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PAD 540 Part II 2012 PRESIDENTIAL ELECTION Strayer University(USE AS GUIDE ONLY)
Running head: 2012 PRESIDENTIAL ELECTION
Part II: International Insecurity and the Use of Force
PAD 540 International Public Administration
2012 PRESIDENTIAL ELECTION
The Media, the People, and Public Opinion
There were a number of forces that were behind the outcome of the 2012 Presidential
Election. The American public, the international community, and special interest groups and
organizations to name a few.
The American people goes without saying because without the American people there
would be no democratic process of electing the U.S. president. The Voter turnout fell from 62.3
percent of eligible citizens voting in the 2008 election to an estimated 57.5 in 2012. There was an
estimated drop of five million in voter turnout. Every state but Iowa and Louisiana showed a
decline in the percentage of turnout and the number of ballots casts were down everywhere
except Delaware, Iowa, Louisiana, North Carolina, North Dakota, and Wisconsin.("2012 Voter
Turnout", 2012). Despite the slight decline in voter turnout the 2012 election was historical. It is
the first time that blacks have voted at a higher rate than whites since the Census Bureau started
publishing statistics on voting by the eligible citizen population in 1996. According to the data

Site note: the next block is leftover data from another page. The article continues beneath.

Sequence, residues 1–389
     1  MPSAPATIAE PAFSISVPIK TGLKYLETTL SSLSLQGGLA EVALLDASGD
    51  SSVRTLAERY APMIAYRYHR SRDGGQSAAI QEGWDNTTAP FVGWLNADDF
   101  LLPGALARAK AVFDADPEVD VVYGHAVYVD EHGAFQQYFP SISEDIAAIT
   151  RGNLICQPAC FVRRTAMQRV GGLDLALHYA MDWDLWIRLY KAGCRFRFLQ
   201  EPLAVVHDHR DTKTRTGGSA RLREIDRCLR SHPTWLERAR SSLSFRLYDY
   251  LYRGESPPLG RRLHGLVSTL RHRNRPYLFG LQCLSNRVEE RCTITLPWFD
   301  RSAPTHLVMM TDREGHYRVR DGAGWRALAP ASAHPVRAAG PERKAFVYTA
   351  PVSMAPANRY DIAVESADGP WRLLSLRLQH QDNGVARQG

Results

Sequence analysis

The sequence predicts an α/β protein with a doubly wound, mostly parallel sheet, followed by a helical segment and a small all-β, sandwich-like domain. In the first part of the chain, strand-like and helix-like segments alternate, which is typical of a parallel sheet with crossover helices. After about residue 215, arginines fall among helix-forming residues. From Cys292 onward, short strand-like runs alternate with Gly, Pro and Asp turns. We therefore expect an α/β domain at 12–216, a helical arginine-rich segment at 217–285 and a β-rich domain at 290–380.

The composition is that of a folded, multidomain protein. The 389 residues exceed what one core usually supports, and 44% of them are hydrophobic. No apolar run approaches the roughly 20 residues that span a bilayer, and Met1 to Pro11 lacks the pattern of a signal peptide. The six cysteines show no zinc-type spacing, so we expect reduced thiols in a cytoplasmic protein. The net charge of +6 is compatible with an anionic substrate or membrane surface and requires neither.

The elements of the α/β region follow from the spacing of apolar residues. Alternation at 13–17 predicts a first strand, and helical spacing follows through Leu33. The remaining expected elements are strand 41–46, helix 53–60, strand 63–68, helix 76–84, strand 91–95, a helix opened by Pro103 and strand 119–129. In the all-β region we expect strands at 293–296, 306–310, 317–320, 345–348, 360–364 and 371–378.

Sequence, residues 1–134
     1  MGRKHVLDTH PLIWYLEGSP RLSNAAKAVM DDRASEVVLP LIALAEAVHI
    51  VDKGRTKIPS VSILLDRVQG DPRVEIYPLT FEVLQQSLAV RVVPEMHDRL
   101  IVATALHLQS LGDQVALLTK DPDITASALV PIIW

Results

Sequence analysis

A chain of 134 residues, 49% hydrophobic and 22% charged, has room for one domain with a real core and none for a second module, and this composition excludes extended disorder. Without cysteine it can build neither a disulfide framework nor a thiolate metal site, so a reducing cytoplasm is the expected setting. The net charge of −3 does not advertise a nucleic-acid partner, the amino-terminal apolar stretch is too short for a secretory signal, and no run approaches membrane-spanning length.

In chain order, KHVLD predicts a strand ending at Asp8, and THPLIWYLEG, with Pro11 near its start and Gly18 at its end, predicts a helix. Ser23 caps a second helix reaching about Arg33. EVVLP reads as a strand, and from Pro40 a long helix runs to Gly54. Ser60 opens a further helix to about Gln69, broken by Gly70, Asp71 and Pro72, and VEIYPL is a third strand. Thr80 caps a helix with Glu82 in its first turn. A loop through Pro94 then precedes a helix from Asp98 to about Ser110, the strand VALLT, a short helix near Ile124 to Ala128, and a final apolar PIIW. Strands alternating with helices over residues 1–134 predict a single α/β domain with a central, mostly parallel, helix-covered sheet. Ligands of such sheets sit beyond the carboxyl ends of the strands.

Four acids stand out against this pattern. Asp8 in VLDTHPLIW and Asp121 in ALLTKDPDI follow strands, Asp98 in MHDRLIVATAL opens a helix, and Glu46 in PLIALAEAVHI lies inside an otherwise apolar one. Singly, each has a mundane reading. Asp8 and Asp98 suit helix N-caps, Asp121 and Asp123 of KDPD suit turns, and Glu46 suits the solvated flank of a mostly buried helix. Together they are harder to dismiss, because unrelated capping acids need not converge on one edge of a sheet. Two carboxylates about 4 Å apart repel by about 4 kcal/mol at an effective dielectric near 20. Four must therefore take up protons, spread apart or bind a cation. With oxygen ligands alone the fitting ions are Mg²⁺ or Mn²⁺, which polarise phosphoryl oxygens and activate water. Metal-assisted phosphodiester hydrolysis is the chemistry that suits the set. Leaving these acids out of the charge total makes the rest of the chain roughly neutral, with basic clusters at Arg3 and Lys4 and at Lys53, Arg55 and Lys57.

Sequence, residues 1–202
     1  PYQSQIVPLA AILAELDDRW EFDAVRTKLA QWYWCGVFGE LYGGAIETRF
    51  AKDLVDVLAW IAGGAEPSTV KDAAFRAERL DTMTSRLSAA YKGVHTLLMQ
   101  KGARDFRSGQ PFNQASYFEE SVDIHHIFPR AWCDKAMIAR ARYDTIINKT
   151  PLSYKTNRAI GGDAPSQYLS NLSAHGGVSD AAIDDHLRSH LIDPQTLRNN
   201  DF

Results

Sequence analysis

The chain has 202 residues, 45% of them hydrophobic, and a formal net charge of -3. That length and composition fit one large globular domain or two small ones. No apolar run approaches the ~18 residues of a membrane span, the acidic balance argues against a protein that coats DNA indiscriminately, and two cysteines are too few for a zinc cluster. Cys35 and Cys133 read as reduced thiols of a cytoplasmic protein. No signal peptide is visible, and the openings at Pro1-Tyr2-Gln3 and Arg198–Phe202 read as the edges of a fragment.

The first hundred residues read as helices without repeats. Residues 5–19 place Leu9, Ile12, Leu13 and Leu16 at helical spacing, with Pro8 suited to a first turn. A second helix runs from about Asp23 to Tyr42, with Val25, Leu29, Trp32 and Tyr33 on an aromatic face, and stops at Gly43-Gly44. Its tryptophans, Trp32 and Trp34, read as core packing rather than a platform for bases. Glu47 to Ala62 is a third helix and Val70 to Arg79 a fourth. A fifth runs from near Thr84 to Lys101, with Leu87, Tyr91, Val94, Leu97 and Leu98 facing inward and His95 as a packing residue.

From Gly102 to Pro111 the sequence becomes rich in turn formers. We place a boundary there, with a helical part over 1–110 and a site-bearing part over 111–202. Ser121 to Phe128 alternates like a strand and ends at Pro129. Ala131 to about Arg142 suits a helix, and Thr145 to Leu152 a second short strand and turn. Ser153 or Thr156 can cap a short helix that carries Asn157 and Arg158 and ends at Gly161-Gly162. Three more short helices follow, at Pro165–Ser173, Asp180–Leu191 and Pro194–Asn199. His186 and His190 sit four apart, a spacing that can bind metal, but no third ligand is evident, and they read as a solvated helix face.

about two in three eligible blacks (66.2 percent) voted in the 2012 presidential election, which is
slightly higher than the 64.1 percent of non-Hispanic whites that participated in the 2012 election.
The 2012 increase in voting among blacks continues a long-term trend among the black voting
population. Since1996, turnout rates have risen thirteen percentage points to the highest levels of
any recent presidential election. Alternately, after reaching a high in 2004, non-Hispanic white
voting rates have dropped in both the 2008 and 2012 elections. Both blacks and non-Hispanic
whites had voting proportions higher than Hispanics and Asians in the 2012 election. The
differences between the genders in voting continued its ongoing pattern. Since 1996, women
have voted at higher rates than men. In 2012, the spread was about four percentage points. The
difference was particularly large among black voters, among whom it reached nine percentage
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